You are feeling confident about your therapeutic area and product knowledge. You know the clinical trial data inside and out. You’ve just secured a face to face meeting with a tier one KOL, but WHAT DO YOU TALK ABOUT IN THE MEETING?
Don’t worry, here are my top five tips to ensure a successful KOL meeting.
Step 1: Define the objective of your meeting
Now that you’ve secured your first meeting, you must put in the preparation to ensure the meeting goes well. After all, you only get one chance to make a first impression and begin building that relationship with the KOL. If you are unprepared and waste the KOL’s time, they may not want to meet with you again.
Utilise this template to ensure you plan according. A more detailed template is available in the MSL Upskill Package.
Places they work (hospitals, private practices, universities):
Areas of interest/publication topics:
Objective of the meeting (discuss this with your manager. Your objective may be non-specific e.g. develop a relationship with the KOL or specific e.g. invite the KOL to participate in advisory board):
Step 2: Plan on a smooth start to the meeting
There are a few simple things you can do to ensure the meeting starts off on the right foot.
Be clear on where exactly you are meeting the KOL. Is it in their office? Is it in the café at the hospital? Know the exact location and let them choose it when you reach out “e.g. Where exactly suits you to meet?”
Google an image of the KOL before you meet, so you will instantly recognise them.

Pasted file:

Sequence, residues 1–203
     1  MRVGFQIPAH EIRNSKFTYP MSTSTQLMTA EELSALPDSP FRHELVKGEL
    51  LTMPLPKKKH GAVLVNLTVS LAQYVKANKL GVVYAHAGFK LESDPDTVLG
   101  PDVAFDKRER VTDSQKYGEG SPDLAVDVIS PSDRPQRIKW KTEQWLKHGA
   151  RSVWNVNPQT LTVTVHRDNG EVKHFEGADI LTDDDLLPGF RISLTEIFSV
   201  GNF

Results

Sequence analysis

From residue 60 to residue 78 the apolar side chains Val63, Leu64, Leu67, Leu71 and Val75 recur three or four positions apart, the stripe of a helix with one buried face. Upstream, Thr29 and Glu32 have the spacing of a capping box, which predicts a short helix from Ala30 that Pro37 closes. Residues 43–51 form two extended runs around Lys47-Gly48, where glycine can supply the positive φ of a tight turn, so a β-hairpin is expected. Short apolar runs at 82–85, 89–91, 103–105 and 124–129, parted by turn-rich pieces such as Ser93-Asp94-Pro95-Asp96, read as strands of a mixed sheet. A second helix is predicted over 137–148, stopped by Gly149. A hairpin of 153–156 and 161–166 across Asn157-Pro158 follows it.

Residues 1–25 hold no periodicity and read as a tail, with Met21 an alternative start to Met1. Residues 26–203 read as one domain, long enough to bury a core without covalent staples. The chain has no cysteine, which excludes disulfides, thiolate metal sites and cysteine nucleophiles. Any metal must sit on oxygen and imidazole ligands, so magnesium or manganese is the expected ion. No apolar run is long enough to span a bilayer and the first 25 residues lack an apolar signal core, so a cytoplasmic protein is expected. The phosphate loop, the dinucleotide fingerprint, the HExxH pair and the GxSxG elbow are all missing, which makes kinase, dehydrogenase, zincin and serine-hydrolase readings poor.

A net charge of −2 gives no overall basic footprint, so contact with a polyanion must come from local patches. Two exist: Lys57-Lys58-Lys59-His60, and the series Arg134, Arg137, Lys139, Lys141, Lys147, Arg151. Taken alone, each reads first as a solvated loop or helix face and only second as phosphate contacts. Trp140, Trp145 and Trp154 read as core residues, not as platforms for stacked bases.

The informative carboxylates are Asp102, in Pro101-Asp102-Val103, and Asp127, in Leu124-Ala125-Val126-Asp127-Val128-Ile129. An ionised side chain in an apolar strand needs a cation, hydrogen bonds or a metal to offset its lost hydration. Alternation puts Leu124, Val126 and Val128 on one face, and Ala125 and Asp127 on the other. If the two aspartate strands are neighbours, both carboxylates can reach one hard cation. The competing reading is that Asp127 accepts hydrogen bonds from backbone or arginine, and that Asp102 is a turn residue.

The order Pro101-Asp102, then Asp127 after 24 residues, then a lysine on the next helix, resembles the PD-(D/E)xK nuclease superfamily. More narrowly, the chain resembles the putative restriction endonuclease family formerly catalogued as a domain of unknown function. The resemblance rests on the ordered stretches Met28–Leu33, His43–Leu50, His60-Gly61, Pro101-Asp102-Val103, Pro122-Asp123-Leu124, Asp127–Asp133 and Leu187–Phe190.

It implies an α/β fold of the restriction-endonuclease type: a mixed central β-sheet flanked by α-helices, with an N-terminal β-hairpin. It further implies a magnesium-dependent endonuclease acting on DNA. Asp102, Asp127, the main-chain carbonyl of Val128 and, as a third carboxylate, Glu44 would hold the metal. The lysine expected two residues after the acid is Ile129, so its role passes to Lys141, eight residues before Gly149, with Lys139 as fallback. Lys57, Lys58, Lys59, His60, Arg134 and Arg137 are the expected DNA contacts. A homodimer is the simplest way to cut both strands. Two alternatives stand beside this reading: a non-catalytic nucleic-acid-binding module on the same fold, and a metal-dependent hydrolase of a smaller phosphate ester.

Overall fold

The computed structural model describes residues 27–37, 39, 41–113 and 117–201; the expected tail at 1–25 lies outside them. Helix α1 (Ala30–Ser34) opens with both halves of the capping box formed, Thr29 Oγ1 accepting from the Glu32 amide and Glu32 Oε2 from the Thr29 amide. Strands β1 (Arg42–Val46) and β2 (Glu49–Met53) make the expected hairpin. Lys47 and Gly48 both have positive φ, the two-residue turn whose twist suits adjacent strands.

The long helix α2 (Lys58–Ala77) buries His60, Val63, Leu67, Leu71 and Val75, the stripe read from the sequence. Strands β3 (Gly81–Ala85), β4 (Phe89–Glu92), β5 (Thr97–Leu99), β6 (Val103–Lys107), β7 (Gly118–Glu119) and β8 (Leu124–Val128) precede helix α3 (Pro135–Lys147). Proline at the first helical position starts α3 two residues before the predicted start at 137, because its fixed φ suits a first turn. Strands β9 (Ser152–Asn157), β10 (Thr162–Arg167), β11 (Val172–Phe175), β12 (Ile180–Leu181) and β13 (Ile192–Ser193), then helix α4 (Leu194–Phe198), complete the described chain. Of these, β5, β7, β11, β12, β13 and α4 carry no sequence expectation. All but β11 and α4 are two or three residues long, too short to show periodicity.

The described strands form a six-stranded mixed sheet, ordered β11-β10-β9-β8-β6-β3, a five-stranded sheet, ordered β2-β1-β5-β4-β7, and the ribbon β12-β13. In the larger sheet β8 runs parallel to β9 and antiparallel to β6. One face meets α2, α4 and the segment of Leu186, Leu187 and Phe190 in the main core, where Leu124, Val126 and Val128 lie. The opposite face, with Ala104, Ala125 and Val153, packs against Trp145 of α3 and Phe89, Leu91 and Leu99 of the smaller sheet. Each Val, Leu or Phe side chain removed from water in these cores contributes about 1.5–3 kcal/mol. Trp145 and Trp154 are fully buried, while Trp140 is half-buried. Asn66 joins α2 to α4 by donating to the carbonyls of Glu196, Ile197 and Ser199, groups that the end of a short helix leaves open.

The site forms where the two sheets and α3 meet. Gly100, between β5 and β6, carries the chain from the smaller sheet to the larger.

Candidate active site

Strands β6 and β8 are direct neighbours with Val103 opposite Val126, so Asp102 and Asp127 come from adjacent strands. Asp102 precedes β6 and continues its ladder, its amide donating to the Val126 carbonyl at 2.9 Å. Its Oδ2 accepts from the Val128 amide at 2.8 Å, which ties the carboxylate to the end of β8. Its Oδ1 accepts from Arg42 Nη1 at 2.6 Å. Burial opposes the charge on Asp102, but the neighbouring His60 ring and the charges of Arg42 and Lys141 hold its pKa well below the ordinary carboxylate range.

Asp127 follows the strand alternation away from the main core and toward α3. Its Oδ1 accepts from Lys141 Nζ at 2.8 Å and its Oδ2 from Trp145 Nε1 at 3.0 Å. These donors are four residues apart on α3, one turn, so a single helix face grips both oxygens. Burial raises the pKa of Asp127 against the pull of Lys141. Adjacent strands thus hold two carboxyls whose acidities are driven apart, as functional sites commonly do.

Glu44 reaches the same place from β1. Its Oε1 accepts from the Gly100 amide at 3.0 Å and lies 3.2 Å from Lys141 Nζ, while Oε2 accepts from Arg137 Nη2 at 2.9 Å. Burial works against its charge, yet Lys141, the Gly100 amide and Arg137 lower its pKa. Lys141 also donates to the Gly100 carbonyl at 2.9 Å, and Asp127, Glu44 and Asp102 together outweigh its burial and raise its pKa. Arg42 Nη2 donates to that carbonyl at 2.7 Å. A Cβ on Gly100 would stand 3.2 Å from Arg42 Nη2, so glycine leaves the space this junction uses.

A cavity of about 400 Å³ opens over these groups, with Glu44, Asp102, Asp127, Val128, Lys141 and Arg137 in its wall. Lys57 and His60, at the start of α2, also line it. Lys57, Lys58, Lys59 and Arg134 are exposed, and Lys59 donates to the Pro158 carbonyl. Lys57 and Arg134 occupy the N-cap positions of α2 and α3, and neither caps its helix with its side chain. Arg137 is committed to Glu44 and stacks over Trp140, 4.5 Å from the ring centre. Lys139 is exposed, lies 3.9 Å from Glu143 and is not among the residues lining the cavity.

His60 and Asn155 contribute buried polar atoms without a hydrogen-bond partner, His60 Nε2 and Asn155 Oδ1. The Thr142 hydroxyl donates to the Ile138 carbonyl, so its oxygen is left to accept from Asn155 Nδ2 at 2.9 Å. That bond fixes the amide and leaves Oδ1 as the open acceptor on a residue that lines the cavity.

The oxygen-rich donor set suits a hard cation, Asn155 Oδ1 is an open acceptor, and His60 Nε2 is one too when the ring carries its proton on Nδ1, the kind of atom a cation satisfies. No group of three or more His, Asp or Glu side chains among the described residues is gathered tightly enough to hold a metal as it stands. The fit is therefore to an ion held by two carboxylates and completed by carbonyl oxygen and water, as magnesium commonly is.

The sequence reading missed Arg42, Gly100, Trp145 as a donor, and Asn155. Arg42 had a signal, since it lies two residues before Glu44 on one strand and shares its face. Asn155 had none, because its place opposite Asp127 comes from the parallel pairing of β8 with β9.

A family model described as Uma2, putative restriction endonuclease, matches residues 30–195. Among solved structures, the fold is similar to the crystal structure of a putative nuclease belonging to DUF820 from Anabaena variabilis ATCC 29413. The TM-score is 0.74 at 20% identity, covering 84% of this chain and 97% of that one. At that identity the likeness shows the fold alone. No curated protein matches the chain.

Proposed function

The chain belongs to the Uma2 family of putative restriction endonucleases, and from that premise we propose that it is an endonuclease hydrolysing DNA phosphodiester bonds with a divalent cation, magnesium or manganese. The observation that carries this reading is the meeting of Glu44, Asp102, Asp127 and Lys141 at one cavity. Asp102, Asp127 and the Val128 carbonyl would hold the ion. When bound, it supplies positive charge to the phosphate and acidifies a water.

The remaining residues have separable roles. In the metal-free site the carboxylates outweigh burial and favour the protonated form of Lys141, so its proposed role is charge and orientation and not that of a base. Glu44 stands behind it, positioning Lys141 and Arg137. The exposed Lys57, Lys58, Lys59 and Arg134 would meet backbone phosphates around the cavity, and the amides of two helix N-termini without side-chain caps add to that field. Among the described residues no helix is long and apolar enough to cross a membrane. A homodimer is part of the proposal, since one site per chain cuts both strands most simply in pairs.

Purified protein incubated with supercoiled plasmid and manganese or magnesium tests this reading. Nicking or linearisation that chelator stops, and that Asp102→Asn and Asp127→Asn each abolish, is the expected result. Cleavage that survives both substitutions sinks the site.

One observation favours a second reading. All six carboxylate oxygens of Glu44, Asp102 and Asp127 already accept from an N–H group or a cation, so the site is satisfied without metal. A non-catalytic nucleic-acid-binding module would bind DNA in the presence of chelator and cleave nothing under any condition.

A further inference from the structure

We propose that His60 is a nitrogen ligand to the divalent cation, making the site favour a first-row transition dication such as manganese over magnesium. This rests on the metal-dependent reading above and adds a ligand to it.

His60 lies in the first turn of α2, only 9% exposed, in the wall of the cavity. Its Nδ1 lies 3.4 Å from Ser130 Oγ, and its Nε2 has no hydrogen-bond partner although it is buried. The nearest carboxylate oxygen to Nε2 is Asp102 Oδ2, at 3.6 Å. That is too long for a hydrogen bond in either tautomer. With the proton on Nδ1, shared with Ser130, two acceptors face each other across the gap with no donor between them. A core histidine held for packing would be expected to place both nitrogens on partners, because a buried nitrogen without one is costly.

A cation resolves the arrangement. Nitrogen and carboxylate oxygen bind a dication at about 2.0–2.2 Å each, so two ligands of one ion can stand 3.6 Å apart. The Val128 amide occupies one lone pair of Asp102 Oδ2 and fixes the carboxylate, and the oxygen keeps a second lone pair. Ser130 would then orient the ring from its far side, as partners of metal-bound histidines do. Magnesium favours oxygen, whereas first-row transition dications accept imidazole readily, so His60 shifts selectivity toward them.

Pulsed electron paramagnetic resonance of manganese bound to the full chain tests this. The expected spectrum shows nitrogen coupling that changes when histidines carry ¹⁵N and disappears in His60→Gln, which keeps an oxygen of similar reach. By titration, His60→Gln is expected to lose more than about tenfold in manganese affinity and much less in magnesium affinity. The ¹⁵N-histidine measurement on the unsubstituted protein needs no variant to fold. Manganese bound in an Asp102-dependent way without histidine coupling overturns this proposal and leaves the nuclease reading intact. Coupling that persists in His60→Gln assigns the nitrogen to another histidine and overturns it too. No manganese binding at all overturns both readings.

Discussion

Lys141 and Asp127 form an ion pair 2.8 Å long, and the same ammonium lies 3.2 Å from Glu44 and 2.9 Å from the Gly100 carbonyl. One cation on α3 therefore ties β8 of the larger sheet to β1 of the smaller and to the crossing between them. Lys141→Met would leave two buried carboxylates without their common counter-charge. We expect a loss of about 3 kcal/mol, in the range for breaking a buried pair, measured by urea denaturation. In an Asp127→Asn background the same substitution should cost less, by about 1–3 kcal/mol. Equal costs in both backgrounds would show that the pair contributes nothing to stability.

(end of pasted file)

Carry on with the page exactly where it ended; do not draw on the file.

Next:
When meeting someone for the first time, you need to quickly establish their personality type.
Your first question should be “How is your day going?”.
The answer to this question sets the tone for the meeting and will give you great insight into the personality type of the KOL. If they answer with one word, they will appreciate a direct, straight to the point communication style and you should adapt accordingly. If they start telling you about what they had for breakfast and their upcoming holiday plans, they are likely open for a chat and will appreciate you taking the time to chit chat before going straight into business.
You want to avoid awkward silences with your KOL. General questions which can be used to elicit insights from the KOL include;
Which conferences are you attending this year?
Have you had any experience with Product X and how was that experience? (Ask open as opposed to closed questions to stimulate conversation from the KOL). More details on how to ask questions can be found here.
What are the specific clinical guidelines that guide your decision making for disease Y?
Step 3 – Add value to the KOL
Ideally, you want to avoid meeting a KOL and interrogating them for 20 minutes. During the meeting, identify ways you can add value to the KOL. Discuss data that would be of interest to them.
If they ask a specific question and you don’t know the answer, find out for them (this gives you an opportunity to follow up with the KOL and demonstrates your commitment to medical education and quality use of medicines).
Step 4 – Know when to leave
KOLs are busy people. Read the signs, if they are looking at their watches and stating that they must leave soon, don’t keep them from their busy jobs. Thank them for their time and summarize any actions from the meetings. An example of an action would be the MSL sharing a clinical paper the KOL has requested.
Step 5 – Meeting notes
Depending on the company, you may be required to enter your meeting notes into a Customer Relationship Management (CRM) system, email a summary of the meeting to your manager or save notes on an internal spreadsheet. It is best to do this directly after a KOL meeting when the insights are fresh in your mind. Identify from your notes any insights that are “actionable”.
For example, if the KOL noted that Clinical Guidelines ABC are used to make treatment decisions, check if product X is listed. If not, this may need to be a medical project to get it updated and you can discuss this with your manager. This demonstrates your ability to not only get insights but also to think and act strategically.
For more guidance on how to be a high performing MSL join our newsletter.